Hello, and welcome to Sans Stats, the weekly column dedicated to ridiculing the increasing absurdity in the world of sports.
We here at the Sporting Brews would like to extend a “thank you” to Mike Holmgren for providing ammunition this week. In the days following the Seahawks 24-21 overtime victory over the New York Football Giants, news leaked that the NFL had found two touchdown decisions – both reviewed by the referees on the field – were, in fact, incomplete passes. Apparently, reviews like this by the NFL are not uncommon, but leaking them into the public forum isn’t considered acceptable behavior.
The prevalent question here is: why would Holmgren leak this information? The first thing he should have asked himself was, “have I ever seen any other coaches make any remarks like this?” If he had done his homework, the answer would have been “no.” The second question he should have pondered was, “what will I accomplish by bringing this to the public?”
Quite frankly, this seems like an effort to quell the thought that the Giants should have won the game on three separate instances, all of which were botched by kicker Jay Feely. Many Giants players, as they had following an embarrassing loss to the Vikings, declared after the game that despite the results, they proved they were the better team. Apparently the New York media can ruffle feathers as far away as Washington, and Holmgren brought forth this information as his trump card.
But in the end, all it cost him was a few thousand in fines ("Now, because of the potential fines, my kids won't get Christmas stockings," quipped Holmgren, making me hate him just a little bit more) and a bit of dignity, of which little is remaining.
Justifying his beach of a confidentiality agreement, Holmgren said that, "there were some mistakes that took place, which we felt at the time." No shit, Holmgren, you thought that a close call on a touchdown for your opponent was a mistake? Of course you did, just like Jeremy Shockey thought Feely’s initial field goal was good. But that’s no reason to come out with this sort of information that is not only confidential, but a certain PR mess for the NFL.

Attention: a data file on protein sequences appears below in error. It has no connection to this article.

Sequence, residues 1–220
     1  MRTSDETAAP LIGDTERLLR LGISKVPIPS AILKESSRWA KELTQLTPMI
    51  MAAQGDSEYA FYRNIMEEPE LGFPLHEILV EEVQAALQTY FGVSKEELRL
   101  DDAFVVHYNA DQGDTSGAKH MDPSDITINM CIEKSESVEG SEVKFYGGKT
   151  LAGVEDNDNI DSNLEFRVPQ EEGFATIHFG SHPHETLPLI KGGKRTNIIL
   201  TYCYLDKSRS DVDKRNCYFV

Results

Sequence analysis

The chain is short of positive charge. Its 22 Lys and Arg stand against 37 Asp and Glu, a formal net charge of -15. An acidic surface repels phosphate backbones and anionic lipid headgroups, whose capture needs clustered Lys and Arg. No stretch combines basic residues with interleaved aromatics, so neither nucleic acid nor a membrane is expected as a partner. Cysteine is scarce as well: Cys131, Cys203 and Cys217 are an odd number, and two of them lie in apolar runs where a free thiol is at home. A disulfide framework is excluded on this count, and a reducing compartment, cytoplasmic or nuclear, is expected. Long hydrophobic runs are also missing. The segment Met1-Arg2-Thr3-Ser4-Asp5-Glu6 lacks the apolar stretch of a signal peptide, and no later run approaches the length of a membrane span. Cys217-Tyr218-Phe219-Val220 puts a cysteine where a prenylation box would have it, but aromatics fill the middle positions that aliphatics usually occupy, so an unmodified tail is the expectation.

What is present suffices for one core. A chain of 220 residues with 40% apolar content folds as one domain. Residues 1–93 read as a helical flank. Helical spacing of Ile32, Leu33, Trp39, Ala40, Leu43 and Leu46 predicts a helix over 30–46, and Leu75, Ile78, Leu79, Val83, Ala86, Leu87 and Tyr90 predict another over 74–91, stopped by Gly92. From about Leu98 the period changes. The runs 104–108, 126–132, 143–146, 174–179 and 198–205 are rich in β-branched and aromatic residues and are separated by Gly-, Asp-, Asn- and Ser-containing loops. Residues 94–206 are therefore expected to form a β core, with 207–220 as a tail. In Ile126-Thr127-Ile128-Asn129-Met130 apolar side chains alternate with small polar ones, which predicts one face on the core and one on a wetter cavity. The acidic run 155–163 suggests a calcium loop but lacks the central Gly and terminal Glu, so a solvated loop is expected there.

Mike Holmgren: I’d rather have an offensive lineman coaching my team.
To the NBA now, where there’s always a supply of FAAAAAAAAAAN-tastic stories. This week’s top billing: Portland Trailblazers forward Ruben Patterson has demanded to play 25 minutes a game, or he shouldn’t be played at all. Coach Nate McMillan retorted by saying that 25 minutes were “starter minutes,” and that Patterson was inhibited by the guys above him, Darius Miles and Zach Randolph.
Now, I know it’s hard for an egomaniac like Patterson to understand, but when you’re 30 in the NBA, you don’t exactly have a lot of leverage. Add to that the two guys ahead of him in the rotation, and you have the equivalent of Nelson De La Rosa trying to pull a 10-foot lever.
This also brings into question the learning ability of Patterson. I wonder if he noticed a guy named Latrell Sprewell sitting at home, unable to even attain a veteran minimum contract because of his immature outbursts. And really, a multi-millionaire talking about having enough money to feed his family is about as ridiculous as a 30-year-old who has averaged 23.5 minutes a game demanding more playing time.
Hello, Ruben, and welcome to the inactive list. Your waiting time is estimated as indefinite.